I make bespoke dresses and accessories, hand painting fabrics and furnishings – everything from silk, cotton, textiles, glass and leather.

I like to transfer my passion for my Mesopotamian culture and civilization into wearable items, such as scarves, t-shirts, skirts – even home furnishings such as curtains, cushions, sofas.

The message I am trying to send with my work is that I am here. I am a survivor of cancer, and of the conflict and corruption in my former home of Baghdad, Iraq. I am still fighting to realise my dream to leave an impression in the fashion industry.

During the embargo, Iraq was struggling economically; even clothes became scarce and lacked imagination. So, I tried to modify the clothes available to best suit me; I would paint on fabrics to create new styles and turn the drab into fab.

I started my career studying Business Administration at the University of Baghdad and working eleven years as a senior administrator for the Department of Construction (Bridges and Highways). Soon after, I left Iraq to marry my husband who was a political refugee in France. I travelled through several countries, including Jordan, Tunisia, Libya and Syria, to join my husband in Paris.

In France, I studied French language for the first time. Whilst studying at university I attended a lot of art courses to develop my techniques at different education establishments. This enhanced the new stage of my life where I had the time to improve my sewing and design skills. I remember the very first thing I made: a scarf with Arabic Calligraphy designs in strong primary colours such as yellow for the sun, green for the palm trees, blue for the sky, black for Mesopotamian and red for the love of the people in Iraq.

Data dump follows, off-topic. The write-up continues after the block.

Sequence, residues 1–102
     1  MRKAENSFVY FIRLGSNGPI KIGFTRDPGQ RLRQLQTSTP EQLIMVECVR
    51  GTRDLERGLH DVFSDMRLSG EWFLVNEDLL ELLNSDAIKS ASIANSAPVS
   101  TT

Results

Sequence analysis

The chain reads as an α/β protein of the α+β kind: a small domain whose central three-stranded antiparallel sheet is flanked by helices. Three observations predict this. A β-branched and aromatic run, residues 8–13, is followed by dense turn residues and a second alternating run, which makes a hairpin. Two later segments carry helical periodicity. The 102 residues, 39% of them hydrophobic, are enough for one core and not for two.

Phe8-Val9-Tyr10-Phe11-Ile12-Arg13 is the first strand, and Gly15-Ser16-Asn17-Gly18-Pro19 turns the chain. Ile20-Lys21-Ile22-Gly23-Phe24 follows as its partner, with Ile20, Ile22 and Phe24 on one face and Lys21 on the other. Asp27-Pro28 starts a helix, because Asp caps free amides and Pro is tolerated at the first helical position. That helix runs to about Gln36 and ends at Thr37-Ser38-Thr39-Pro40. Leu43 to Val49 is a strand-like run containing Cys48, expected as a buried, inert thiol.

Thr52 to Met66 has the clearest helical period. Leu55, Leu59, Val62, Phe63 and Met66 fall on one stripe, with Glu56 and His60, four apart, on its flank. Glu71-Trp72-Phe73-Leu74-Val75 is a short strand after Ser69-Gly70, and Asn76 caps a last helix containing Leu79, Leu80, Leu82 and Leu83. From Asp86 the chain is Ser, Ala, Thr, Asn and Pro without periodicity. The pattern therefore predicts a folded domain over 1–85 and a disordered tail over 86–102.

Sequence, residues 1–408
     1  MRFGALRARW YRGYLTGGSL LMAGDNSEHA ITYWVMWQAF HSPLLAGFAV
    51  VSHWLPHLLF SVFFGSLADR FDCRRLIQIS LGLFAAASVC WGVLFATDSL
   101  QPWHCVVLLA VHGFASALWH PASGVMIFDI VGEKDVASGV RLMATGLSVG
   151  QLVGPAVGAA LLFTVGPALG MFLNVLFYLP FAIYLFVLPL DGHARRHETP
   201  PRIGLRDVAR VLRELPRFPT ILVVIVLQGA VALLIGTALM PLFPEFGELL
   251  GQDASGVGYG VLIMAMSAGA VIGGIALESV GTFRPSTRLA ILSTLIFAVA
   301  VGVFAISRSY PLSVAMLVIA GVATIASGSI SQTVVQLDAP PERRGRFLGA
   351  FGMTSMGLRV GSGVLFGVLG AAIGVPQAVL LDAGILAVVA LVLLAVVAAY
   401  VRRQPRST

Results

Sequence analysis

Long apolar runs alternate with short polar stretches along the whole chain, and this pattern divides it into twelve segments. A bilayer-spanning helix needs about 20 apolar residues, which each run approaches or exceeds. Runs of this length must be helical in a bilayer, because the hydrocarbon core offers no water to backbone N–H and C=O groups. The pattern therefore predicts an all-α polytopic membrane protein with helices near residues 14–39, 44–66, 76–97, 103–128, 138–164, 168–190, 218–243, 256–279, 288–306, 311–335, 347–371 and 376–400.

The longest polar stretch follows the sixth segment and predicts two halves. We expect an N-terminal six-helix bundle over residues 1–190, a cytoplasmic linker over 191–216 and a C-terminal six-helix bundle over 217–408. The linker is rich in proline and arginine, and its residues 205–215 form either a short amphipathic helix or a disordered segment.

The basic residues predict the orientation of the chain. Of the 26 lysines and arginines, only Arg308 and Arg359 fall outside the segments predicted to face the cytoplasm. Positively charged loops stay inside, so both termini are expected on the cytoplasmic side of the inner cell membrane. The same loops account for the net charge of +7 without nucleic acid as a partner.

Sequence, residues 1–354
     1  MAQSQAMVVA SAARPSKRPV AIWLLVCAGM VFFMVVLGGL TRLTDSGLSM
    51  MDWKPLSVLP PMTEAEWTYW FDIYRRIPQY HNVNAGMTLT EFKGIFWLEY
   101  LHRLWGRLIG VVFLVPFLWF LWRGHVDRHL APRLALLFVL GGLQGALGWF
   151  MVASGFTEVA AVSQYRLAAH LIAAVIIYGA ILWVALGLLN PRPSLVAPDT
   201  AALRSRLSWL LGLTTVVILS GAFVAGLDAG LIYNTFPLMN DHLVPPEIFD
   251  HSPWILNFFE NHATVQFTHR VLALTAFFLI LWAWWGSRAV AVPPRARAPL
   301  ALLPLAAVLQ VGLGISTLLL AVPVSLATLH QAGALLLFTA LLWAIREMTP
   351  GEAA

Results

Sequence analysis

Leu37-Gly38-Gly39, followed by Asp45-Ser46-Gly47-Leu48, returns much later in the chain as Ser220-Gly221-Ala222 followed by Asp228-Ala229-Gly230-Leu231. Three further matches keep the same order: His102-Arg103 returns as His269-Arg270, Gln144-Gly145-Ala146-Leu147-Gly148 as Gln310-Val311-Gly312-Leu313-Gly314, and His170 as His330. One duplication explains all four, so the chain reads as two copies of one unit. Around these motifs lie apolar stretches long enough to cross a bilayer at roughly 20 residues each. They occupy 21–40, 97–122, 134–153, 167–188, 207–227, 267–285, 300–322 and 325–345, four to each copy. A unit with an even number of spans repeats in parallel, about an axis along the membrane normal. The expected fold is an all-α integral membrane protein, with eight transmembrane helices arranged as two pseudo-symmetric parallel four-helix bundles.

I made patterns and clothing designs for my daughters as my passion for experimentation grew. I was inspired to celebrate special occasions by gifting scarves and t-shirts to friends and family.

I continued to paint scarves during my recovery at hospital, during a recent cancer scare. I will never forget how my doctor encouraged me to fight against cancer, using creativity to help to alleviate some of my pain and depression. This activity enabled my ongoing recovery and acted as a form of therapy for me.

It’s a relief to live in a country as multicultural as the UK, to be able to pursue creativity with enthusiasm: I started off volunteering at 306 Collective and have continued my journey through the support of Create Your Future’s workshops and friendly encouragement.

In addition to exhibiting my work with 306 collective, in the past I’ve participated in Arabic Baazars in London. My next step is to create my own website. I’m currently seeking support for this through Create Your Future’s Micro Business support programme.

I am looking forward to developing my techniques of screen-printing and extend to wallpaper and interior design. My long-term dream is to support my community by teaching young adults how to recycle and adapt their clothing and thereby reduce their dependency on commercial labels and products.

Studio 28 – Chocolate Factory 1

Clarendon Road

Wood Green N22 6XJ

Tel: 07597985205